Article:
NEW YORK - The U.S. Supreme Court opened its new term on Monday with a water-rights dispute between Mississippi and Tennessee, a relatively apolitical warm-up to what will be a politically charged term by the time Mississippi returns to the justices in December to argue that Roe v. Wade should be overturned.
The state will be defending its law banning abortion after 15 weeks of pregnancy before the court's six-justice conservative majority in its first full term together following Justice Amy Coney Barrett's confirmation several weeks into the start of the court's previous term.
The stakes of the Mississippi abortion case, Dobbs v. Jackson Women's Health Organization, are "absolutely enormous," said Professor Carolyn Shapiro, the co-director of Chicago-Kent College of Law's Institute on the Supreme Court of the United States.
The court is widely expected to uphold the 15-week abortion ban, and such a ruling would drastically cut back on abortion rights without taking up Mississippi's invitation for formally reverse Roe and the 1992 ruling that reaffirmed it, Planned Parenthood of Southeastern Pennsylvania v. Casey.
"Even something more incremental with this case could be pretty dramatic," Shapiro said.
The arguments in Dobbs will come a month after the court will hear a challenge to New York State's gun laws sharply restricting who can get a concealed carry permit in the state. The arguments in New York State Rifle & Pistol Association Inc. v. Bruen will be the first time the court has weighed in on the scope of the Second Amendment since ruling almost a decade ago that states could not ban handguns used for self-defense in the home.
This term's case could extend that right beyond the home, and impact other states with similarly restrictive gun control laws.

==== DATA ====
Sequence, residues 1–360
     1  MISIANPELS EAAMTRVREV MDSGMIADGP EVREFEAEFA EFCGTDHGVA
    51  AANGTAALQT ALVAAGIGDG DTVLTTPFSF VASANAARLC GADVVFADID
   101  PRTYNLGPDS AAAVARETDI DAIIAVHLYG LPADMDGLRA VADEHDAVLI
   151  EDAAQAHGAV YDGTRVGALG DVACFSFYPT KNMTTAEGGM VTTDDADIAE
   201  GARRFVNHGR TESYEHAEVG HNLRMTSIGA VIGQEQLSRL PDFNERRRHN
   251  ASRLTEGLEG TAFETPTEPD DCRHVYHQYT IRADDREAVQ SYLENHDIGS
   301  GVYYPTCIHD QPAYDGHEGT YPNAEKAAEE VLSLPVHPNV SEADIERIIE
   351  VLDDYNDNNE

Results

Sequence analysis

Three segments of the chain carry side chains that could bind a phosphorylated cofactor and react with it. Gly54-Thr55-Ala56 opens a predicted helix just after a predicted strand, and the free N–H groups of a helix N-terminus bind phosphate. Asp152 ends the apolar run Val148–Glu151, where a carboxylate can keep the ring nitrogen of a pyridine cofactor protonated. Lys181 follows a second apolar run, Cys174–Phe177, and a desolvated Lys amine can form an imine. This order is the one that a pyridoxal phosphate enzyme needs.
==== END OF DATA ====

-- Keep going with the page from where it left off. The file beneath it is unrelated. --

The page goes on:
The justices are also set to decide whether to reinstate the death sentence of Boston Marathon bomber Dzokhar Tsarnaev and whether Sen. Ted Cruz, R-Texas, broke campaign finance laws governing how he repaid loans he made to his 2018 campaign.
Meanwhile, the justices are awaiting the view from the U.S. solicitor general on whether to take up a case challenging Harvard's affirmative action admissions policy, saying the school discriminates against Asian applicants. The challenge, if successful, could end race-conscious admissions in higher education altogether. Like reversing Roe v. Wade, outlawing affirmative action is a goal the conservative movement has tried and failed to achieve since the 1970s.
But President Donald Trump's three appointments to the Supreme Court have put both goals closer within reach than ever before.
Still, the new term begins with public approval of the Court at 40%, according to Gallup, the lowest since the organization began tracking such rates in 2000.
The United States Supreme Court building in Washington, D.C. (Government file photo)
Justices Clarence Thomas, Stephen Breyer, Samuel Alito, and Amy Coney Barrett in recent weeks have defended the court against those accusing its conservative majority of playing partisan politics.
"Our job is clear: just do the job," Alito said in a speech at Notre Dame Law School last week. "And I am confident that that is what the court will do in the upcoming term and the years ahead."
Yet Shapiro said the justices are not just calling balls and strikes on the most hotly contested cases.
"I would prefer they talk less about 'We're not partisan hacks' and talk more honestly about how this is a job that involves a lot of discretion," Shapiro said.